Workers Fall Into Hole At Water Reclamation Plant

UPDATED 04/21/11 3:35 p.m.

CHICAGO (CBS) — It took him almost a year to get back to work.

Now, a southwest suburban construction worker is battling brain injuries suffered on the job in an early morning construction accident.

Two workers are in the hospital after falling down a hole just after 7:30 a.m. at the Calumet Water Reclamation District Plant, at 400 E. 130th St., where a major construction project is underway.

As CBS 2’s Derrick Blakley reports, one of the workers, Jeff Andrews, 50, got this job after trying for months to find work in a soft economy.

“We’re all very close and we can’t lose him; we can’t lose him,” said Andrews’ sister, Tammy Booe. “For crying out loud, he hasn’t worked in 10 months. He’s a cement man and there hasn’t been work for him.”

Andrews is fighting to recover from serious head injuries suffered after he fell into a muddy hole 20 feet deep.

“They’re just allowing the family to go back there now, but he is sedated,” said Andrews’ other sister, Megan Charniak. “And he has multiple brain injuries, skull fractures, tubes in his lungs and he’s on a ventilator.”

Doctors want to perform surgery, but are waiting for Andrews’ condition to stabilize.

Firefighters say Andrews was at the top of a ladder, when he slipped and fell atop a co-worker, who was at the bottom.

Paramedics administered advanced life support, and brought in a special rig called a “stoke basket” to lift the men out of the hole.

Andrews was airlifted to Advocate Christ Medical Center in Oak Lawn, where his five siblings are gathering to watch, support and pray.

“He needs a lot of prayer,” said Booe. “He needs a lot of prayer. If God wants to leave him alone, leave him with us, it would be good.”

Chicago Fire Commissioner Robert Hoff described just how the accident took place.

“One was at the top of the ladder (and) slipped. It was very muddy back there. It was clay; it was very slippery,” Hoff said. “He slipped and took a fall down the ladder. He just grazed off the other individual.”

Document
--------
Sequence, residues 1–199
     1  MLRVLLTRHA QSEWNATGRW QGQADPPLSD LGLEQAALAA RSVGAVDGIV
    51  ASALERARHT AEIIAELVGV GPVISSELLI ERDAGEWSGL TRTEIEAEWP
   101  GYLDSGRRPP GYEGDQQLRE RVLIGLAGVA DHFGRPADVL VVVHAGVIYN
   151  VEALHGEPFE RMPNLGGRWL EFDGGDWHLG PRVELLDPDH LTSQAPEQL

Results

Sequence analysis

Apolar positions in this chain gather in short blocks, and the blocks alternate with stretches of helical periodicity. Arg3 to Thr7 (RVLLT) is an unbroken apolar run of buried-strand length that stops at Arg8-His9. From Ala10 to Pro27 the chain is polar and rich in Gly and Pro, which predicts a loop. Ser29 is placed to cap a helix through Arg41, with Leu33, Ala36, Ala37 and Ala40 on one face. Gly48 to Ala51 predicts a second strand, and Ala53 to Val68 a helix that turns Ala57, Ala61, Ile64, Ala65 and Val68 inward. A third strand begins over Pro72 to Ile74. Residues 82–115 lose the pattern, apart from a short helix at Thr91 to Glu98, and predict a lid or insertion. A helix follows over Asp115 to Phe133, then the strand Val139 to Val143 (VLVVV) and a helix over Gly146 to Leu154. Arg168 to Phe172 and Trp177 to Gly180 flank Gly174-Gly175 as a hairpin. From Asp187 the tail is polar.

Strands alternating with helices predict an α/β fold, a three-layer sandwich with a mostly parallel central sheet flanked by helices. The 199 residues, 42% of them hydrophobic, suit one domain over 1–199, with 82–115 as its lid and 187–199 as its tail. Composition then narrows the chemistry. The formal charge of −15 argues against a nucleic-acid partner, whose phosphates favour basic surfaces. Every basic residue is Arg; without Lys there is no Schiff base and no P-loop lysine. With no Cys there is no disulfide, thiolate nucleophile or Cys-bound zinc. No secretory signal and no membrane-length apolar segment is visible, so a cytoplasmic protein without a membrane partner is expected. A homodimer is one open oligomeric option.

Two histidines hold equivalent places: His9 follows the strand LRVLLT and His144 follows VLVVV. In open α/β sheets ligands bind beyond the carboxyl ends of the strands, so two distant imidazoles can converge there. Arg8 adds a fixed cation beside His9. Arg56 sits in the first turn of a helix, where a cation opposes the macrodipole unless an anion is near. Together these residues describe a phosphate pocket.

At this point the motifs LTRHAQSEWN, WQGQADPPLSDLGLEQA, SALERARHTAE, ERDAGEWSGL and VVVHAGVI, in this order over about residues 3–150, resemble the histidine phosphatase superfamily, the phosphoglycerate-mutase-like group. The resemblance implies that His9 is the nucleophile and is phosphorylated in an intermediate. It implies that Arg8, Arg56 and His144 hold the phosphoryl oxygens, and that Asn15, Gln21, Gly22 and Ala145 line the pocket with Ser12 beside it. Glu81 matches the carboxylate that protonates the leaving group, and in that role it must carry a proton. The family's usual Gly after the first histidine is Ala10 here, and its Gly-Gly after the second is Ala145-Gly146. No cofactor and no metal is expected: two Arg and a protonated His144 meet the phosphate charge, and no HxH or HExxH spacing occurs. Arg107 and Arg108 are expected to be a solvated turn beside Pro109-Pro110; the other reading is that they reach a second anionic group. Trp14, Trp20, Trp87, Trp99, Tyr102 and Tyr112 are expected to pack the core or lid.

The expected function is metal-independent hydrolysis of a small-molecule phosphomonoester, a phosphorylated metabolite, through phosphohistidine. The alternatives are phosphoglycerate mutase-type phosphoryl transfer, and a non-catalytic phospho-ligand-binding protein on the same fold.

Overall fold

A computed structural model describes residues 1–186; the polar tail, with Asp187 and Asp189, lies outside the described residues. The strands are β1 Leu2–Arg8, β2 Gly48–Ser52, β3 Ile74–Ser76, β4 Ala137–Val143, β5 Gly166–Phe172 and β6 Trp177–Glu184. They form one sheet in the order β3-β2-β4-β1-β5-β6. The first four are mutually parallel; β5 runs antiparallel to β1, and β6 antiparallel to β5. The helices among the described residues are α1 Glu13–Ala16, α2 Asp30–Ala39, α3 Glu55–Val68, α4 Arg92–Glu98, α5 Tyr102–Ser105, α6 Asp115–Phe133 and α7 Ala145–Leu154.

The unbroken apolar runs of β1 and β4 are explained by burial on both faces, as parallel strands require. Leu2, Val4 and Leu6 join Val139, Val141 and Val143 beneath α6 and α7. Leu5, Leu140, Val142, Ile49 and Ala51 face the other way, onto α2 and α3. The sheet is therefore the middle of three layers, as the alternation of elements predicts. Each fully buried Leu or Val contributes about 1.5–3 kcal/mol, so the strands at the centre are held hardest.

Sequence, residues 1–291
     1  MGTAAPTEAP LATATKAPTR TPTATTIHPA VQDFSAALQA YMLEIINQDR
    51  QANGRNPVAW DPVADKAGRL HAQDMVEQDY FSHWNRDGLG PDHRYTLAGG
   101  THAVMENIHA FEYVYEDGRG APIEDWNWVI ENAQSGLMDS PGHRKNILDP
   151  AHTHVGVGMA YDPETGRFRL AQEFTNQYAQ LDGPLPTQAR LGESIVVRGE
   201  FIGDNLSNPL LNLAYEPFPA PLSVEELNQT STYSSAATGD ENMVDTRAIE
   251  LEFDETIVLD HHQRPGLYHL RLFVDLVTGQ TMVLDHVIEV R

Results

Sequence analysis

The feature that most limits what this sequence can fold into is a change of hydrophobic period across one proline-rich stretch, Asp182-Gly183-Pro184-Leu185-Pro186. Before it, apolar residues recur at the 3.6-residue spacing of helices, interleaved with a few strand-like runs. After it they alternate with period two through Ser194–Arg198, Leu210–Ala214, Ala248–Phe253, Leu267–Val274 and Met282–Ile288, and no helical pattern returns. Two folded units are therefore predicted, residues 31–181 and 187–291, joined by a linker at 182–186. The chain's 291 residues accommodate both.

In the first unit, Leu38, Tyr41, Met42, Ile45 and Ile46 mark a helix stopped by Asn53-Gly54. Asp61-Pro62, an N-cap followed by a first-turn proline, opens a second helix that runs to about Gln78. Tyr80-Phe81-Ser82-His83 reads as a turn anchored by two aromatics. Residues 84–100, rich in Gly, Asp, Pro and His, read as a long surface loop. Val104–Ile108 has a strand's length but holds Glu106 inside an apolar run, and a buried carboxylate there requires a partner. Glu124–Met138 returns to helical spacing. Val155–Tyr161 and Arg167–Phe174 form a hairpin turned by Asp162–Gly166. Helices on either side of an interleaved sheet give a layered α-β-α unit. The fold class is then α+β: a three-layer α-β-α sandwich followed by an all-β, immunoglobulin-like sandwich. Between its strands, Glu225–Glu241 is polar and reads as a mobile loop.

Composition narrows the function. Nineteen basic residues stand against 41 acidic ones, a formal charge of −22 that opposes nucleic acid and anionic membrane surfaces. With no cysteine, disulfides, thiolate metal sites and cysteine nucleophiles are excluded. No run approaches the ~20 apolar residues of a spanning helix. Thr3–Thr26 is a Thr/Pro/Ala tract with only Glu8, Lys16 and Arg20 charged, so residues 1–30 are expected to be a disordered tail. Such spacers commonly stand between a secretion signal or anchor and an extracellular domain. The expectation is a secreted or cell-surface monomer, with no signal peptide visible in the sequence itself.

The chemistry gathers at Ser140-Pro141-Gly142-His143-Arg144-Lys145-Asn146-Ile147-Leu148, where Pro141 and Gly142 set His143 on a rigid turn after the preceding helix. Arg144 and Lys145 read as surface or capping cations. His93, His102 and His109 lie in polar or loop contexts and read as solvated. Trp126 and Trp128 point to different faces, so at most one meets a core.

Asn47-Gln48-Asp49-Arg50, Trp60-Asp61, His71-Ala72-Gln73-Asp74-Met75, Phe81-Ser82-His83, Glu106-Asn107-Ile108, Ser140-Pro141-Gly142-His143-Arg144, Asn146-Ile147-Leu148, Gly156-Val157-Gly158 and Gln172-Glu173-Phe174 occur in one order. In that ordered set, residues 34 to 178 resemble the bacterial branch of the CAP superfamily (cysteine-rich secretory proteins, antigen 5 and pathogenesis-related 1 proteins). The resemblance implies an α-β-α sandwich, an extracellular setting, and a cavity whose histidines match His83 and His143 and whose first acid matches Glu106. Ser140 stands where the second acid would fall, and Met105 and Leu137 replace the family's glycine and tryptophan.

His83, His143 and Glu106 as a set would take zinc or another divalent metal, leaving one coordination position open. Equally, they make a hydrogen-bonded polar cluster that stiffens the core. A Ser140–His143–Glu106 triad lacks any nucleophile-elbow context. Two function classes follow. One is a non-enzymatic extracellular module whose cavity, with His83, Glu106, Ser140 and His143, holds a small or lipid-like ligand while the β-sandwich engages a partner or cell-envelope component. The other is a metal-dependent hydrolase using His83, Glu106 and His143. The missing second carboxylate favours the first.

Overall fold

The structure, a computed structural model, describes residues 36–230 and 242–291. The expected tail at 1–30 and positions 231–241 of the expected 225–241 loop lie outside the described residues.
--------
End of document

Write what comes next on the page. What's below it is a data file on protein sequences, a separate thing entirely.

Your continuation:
The second injured worker has not been identified.

  • Robbie

    We feel so bad for this workers who suffered so much and their relatives are so worried about their health.
    This people had been out of work for a long time and when they found something to do in this soft economy… then this happens.
    Besides the Water Reclamation Plant smells so bad. Just for the smell they should get paid double of what they had been promised.
    Now are they gona sue them? And for how much?

    • Kate

      actually that water plant does not smell. I have been there. Even if it did, that’s a ridiculous idea. plenty of people work smelly jobs, doesn’t mean they should get double.

  • Sammie

    I am a construction worker at the same job as Jeff. We were all shaken and devastated by this incident. I did not know Jeff personally but have heard that he is a good man and hard working union man. Our thoughts and prayers are with Jeff and his family at this time and hope that he recovers fully. The conditions on this job are not the best and it really is not a surprise that something like this happened. It is very muddy and slippery and there should have been some other measures taken to make sure something like this didn’t happen. But you know how it is, work as hard and as fast as you can so you can try to keep your job. Contractors have you where they want you. They know everyone is hurting for money and they take advantage. This is not the first fall on this jobsite. One man fell off an extension ladder and was impaled with rebar through his face. There was also a fatality. One man was crushed by a bobcat because he was in a rush to get the job done. Contractors need to care more about the workers and less about how much money their making. My prayers are with the Jeff and his family.

    • HP

      I sympathize with the family and pray for this man’s recovery, let me say this first.

      Now, as a Construction worker for 20+ years, it is partially the employees job to make sure they are safe. If you are a union employee, shouldn’t the union you pay dues to be informed of unsafe conditions? How about OSHA? Laying all the blame on the Contractor makes zero sense and is the union attitude I have come to expect. Take no responsibility for your own work or actions. Someone else is to blame.

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